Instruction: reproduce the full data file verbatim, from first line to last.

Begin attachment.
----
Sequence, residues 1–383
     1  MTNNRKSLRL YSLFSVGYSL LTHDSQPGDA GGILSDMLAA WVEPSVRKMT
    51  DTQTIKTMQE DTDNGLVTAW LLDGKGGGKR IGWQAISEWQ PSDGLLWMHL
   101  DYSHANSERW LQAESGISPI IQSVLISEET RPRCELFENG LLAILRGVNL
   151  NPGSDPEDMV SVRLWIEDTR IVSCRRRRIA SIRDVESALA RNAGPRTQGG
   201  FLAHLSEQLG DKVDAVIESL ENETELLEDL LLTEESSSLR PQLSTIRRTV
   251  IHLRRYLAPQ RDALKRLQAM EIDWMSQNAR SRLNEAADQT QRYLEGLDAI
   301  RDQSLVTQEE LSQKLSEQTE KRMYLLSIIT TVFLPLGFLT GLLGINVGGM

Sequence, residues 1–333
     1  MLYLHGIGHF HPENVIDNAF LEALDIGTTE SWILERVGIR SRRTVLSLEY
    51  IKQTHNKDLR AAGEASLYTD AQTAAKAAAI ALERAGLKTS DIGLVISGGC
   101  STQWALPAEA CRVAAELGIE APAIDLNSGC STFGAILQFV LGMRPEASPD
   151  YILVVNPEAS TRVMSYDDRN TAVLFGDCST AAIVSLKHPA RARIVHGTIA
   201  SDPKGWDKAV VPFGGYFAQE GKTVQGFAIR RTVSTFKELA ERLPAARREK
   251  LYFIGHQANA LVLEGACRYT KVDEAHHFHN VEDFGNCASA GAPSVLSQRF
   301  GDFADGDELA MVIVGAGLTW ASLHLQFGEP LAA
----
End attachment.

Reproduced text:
Sequence, residues 1–383
     1  MTNNRKSLRL YSLFSVGYSL LTHDSQPGDA GGILSDMLAA WVEPSVRKMT
    51  DTQTIKTMQE DTDNGLVTAW LLDGKGGGKR IGWQAISEWQ PSDGLLWMHL
   101  DYSHANSERW LQAESGISPI IQSVLISEET RPRCELFENG LLAILRGVNL
   151  NPGSDPEDMV SVRLWIEDTR IVSCRRRRIA SIRDVESALA RNAGPRTQGG
   201  FLAHLSEQLG DKVDAVIESL ENETELLEDL LLTEESSSLR PQLSTIRRTV
   251  IHLRRYLAPQ RDALKRLQAM EIDWMSQNAR SRLNEAADQT QRYLEGLDAI
   301  RDQSLVTQEE LSQKLSEQTE KRMYLLSIIT TVFLPLGFLT GLLGINVGGM

Sequence, residues 1–333
     1  MLYLHGIGHF HPENVIDNAF LEALDIGTTE SWILERVGIR SRRTVLSLEY
    51  IKQTHNKDLR AAGEASLYTD AQTAAKAAAI ALERAGLKTS DIGLVISGGC
   101  STQWALPAEA CRVAAELGIE APAIDLNSGC STFGAILQFV LGMRPEASPD
   151  YILVVNPEAS TRVMSYDDRN TAVLFGDCST AAIVSLKHPA RARIVHGTIA
   201  SDPKGWDKAV VPFGGYFAQE GKTVQGFAIR RTVSTFKELA ERLPAARREK
   251  LYFIGHQANA LVLEGACRYT KVDEAHHFHN VEDFGNCASA GAPSVLSQRF
   301  GDFADGDELA MVIVGAGLTW ASLHLQFGEP LAA